Personality and coping

Charles S Carver, Jennifer Connor-Smith

Research output: Contribution to journalArticle

771 Citations (Scopus)

Abstract

Personality psychology addresses views of human nature and individual differences. Biological and goal-based views of human nature provide an especially useful basis for construing coping; the five-factor model of traits adds a useful set of individual differences. Coping-responses to adversity and to the distress that results-is categorized in many ways. Meta-analyses link optimism, extraversion, conscientiousness, and openness to more engagement coping; neuroticism to more disengagement coping; and optimism, conscientiousness, and agreeableness to less disengagement coping. Relations of traits to specific coping responses reveal a more nuanced picture. Several moderators of these associations also emerge: age, stressor severity, and temporal proximity between the coping activity and the coping report. Personality and coping play both independent and interactive roles in influencing physical and mental health. Recommendations are presented for ways future research can expand on the growing understanding of how personality and coping shape adjustment to stress.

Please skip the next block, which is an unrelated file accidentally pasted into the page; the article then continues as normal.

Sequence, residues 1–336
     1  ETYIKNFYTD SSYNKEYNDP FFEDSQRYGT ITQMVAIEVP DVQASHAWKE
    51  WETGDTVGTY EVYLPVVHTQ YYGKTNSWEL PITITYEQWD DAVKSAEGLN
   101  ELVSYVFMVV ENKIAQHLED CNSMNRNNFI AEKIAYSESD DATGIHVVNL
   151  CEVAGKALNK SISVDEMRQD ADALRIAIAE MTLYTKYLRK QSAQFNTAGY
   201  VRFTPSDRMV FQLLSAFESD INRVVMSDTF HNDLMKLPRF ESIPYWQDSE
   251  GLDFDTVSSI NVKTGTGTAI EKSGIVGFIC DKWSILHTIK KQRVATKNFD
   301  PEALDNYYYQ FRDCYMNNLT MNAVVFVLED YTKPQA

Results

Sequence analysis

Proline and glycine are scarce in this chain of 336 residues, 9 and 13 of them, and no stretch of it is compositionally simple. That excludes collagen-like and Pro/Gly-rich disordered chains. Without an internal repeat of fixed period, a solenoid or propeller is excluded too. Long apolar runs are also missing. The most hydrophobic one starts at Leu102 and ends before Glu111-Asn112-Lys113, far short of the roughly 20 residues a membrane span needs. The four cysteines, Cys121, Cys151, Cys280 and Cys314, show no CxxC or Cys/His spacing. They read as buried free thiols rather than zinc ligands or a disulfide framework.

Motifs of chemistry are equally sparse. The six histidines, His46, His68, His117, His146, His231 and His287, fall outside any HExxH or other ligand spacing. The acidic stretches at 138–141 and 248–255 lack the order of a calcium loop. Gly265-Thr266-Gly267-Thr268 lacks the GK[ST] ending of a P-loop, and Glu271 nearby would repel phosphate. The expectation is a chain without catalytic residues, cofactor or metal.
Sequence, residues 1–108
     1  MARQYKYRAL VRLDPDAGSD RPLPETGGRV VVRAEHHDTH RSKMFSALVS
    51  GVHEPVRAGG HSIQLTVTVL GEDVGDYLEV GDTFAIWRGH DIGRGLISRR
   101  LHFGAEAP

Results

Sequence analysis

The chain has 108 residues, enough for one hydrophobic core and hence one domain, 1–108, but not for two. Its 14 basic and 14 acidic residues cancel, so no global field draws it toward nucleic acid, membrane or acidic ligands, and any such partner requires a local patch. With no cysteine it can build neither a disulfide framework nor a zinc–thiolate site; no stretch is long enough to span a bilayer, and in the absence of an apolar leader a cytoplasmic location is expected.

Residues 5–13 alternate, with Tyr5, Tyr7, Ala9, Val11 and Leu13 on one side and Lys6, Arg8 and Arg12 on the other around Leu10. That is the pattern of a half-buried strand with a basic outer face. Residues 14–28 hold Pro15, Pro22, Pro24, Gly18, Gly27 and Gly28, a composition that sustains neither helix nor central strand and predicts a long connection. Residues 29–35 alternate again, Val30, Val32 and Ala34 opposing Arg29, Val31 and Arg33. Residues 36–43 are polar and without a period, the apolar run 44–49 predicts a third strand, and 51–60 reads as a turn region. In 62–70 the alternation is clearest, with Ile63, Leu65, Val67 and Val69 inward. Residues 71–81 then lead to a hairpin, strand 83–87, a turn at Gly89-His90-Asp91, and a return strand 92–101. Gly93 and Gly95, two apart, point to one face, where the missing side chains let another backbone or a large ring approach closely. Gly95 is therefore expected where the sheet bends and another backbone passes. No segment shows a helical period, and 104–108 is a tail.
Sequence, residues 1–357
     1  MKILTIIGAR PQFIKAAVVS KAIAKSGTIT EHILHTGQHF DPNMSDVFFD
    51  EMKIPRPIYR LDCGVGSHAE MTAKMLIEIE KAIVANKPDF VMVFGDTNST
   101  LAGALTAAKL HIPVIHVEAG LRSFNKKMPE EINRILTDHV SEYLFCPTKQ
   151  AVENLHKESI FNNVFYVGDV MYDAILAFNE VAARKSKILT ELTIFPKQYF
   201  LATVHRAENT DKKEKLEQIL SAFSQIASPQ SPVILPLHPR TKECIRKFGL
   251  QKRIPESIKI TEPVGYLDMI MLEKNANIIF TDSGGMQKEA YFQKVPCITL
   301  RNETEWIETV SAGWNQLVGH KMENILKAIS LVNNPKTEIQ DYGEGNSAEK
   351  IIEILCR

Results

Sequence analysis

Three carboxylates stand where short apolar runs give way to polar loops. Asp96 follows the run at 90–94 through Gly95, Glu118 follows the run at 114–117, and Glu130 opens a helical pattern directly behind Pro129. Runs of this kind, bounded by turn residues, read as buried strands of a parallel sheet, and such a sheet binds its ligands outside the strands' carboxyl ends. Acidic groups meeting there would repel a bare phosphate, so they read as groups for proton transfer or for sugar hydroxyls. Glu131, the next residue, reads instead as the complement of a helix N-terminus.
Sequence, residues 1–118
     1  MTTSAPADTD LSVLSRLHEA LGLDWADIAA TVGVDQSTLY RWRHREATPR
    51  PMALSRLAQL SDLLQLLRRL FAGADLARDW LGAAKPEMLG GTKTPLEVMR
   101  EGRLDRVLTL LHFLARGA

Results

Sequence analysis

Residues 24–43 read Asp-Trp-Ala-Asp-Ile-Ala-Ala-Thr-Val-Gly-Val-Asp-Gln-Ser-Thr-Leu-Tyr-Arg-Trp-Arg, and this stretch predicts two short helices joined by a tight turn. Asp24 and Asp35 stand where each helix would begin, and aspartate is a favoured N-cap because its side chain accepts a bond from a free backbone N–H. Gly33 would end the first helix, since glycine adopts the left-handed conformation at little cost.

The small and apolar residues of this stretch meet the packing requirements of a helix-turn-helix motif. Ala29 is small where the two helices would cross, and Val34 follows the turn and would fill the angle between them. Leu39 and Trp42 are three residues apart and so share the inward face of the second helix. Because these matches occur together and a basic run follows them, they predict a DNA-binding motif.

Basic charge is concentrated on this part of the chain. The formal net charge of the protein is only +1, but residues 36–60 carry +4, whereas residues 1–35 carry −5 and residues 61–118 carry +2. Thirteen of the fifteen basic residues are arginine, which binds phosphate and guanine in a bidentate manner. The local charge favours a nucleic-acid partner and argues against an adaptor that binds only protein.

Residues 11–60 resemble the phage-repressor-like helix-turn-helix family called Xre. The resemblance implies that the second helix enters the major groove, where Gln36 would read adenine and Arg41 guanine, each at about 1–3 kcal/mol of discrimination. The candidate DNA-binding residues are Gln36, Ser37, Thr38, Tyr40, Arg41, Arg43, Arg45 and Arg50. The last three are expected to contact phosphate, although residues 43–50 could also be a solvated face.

Original languageEnglish
Pages (from-to)679-704
Number of pages26
JournalAnnual Review of Psychology
Volume61
DOIs
StatePublished - Jan 10 2010

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Personality
Individuality
Social Adjustment
Meta-Analysis
Mental Health
Psychology
Optimism
Neuroticism
Extraversion (Psychology)

Keywords

  • Effortful control
  • Five-factor model
  • Goal pursuit
  • Optimism
  • Stress

ASJC Scopus subject areas

  • Psychology(all)

Cite this

Personality and coping. / Carver, Charles S; Connor-Smith, Jennifer.

In: Annual Review of Psychology, Vol. 61, 10.01.2010, p. 679-704.

Research output: Contribution to journalArticle

Carver, Charles S ; Connor-Smith, Jennifer. / Personality and coping. In: Annual Review of Psychology. 2010 ; Vol. 61. pp. 679-704.
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